Nintendo Switch and Wii U third party partners compared 2Nintendo Switch and Wii U third party partners compared 3

A sampling of Nintendo Switch third-party partners (left) compared to the Wii U's third-party partners (right)

Despite the pros that come with the NVIDIA Tegra, however, there are reports that indicate the Switch will have high performance disparities across its two modes; in short, the Switch's power will be effectively halved when it's taken on-the-go.

Based on Nintendo Switch patents we know that the system has varying processor performance depending on which mode it's being used in.

Read Also: Nintendo Switch GPU hits 302MHz on the go, full 768MHz while docked

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According to reports from Eurogamer, the Nintendo Switch's Tegra GPU downscales to just 302MHz while in handheld mode, with the CPU staying at a steady 1050MHz. When the Switch is docked in its cradle the GPU is unlocked and hits its full potential, clocking in at 768MHz, with the CPU still hitting 1050MHz. The Switch will hit full 1080p HD gaming while docked, and then drop to 720p on the tablet while taken on the go.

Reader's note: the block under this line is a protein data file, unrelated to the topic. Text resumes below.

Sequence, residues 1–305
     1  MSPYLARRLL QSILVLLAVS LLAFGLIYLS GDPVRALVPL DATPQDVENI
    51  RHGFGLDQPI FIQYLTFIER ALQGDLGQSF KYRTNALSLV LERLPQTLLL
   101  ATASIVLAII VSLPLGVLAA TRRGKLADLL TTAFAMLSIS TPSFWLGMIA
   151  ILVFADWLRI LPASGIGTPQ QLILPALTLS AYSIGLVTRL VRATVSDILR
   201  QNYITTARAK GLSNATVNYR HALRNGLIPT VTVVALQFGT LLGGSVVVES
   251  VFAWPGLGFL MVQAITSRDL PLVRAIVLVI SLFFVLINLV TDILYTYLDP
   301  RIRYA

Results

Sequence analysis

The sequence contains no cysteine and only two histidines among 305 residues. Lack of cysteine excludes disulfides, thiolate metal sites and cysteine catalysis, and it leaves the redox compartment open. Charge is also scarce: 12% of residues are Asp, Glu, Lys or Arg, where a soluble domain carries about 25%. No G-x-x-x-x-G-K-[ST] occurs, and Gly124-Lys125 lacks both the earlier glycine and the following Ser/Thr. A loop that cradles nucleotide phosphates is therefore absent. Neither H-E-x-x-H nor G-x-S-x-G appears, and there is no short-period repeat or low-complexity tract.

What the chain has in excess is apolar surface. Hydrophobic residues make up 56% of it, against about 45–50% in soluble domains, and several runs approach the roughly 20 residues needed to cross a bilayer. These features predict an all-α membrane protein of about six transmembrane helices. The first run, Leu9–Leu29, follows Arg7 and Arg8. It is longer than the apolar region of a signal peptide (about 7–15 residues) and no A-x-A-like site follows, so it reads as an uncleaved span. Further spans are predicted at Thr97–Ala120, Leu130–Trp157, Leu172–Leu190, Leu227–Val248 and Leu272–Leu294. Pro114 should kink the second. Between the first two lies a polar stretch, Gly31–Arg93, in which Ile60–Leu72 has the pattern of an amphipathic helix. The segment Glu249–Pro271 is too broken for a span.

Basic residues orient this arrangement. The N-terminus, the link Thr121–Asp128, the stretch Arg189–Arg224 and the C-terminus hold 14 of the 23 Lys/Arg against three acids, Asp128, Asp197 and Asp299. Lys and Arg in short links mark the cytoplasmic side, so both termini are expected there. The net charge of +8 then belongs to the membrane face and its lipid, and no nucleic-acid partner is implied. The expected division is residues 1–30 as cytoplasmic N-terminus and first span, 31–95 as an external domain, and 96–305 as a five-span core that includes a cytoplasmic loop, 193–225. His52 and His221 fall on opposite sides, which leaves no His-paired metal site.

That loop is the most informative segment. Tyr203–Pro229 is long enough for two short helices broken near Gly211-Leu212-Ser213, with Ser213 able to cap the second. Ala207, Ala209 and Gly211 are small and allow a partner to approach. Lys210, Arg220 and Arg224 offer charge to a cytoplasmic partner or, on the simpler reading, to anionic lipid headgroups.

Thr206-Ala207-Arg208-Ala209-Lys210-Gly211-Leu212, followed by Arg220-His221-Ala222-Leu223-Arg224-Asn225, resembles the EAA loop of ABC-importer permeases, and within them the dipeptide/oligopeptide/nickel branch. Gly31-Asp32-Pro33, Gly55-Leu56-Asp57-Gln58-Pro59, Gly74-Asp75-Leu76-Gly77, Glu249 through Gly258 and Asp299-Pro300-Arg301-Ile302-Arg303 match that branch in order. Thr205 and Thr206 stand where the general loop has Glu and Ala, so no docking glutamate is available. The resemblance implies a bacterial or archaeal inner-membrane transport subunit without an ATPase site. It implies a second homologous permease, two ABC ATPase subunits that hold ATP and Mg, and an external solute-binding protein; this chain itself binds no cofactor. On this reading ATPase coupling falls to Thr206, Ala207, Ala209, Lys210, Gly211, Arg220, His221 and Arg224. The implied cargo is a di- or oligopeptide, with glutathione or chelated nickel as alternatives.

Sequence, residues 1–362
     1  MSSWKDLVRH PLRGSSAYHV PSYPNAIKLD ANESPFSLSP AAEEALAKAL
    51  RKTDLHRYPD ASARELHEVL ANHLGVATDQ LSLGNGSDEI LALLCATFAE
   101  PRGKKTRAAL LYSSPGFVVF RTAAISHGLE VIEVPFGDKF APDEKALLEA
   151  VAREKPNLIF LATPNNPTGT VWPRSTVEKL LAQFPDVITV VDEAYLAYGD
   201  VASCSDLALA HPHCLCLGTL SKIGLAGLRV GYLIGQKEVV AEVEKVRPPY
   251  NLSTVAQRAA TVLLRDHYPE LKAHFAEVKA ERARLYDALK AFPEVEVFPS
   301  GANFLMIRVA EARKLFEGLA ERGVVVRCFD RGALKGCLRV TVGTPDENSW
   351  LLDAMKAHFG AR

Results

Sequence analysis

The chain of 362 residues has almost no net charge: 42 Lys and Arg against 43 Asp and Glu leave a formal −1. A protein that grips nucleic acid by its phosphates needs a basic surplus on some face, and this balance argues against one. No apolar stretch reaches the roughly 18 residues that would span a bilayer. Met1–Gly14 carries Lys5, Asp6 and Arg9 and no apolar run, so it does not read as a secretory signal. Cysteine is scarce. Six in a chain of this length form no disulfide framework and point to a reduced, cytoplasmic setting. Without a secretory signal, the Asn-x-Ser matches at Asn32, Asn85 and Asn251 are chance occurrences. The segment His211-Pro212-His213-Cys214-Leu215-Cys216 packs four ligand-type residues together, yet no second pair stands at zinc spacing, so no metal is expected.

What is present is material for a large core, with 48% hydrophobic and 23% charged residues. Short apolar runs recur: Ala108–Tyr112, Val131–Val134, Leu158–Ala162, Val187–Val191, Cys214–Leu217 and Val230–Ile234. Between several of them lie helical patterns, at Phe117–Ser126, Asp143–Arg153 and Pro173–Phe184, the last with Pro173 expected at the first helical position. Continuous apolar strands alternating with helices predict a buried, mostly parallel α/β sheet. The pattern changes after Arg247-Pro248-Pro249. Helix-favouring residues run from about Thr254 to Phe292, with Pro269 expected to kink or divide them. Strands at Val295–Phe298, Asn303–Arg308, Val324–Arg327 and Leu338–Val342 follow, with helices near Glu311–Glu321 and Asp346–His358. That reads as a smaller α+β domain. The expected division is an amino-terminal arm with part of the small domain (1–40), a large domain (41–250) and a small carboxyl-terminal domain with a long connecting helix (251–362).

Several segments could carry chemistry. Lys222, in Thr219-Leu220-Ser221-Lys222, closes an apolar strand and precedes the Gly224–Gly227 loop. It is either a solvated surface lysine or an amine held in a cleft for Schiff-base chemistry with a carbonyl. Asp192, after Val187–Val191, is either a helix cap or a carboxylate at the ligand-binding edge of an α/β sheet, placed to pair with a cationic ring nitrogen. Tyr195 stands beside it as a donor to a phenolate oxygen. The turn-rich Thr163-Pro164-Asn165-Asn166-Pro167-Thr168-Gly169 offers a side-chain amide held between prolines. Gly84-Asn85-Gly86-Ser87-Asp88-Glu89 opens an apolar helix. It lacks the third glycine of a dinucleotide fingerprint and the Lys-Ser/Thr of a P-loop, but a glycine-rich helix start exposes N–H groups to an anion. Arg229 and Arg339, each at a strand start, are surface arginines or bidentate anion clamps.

This varying performance is essential for handheld mode to ensure optimum heat mitigation and reduce battery drain. Also the Switch will apparently have a 6.2-inch 720p display, so the downclock would coincide with the resolution drop.

This performance disparity raised red flags in the community, who saw the Switch as a potential instance of history repeating itself. With just 302MHz GPU clock speeds, modern games may have some problems running on the Switch in handheld mode.

Expected Nintendo Switch specs and performance

(Note: most of this information has not been officially confirmed)

Console Mode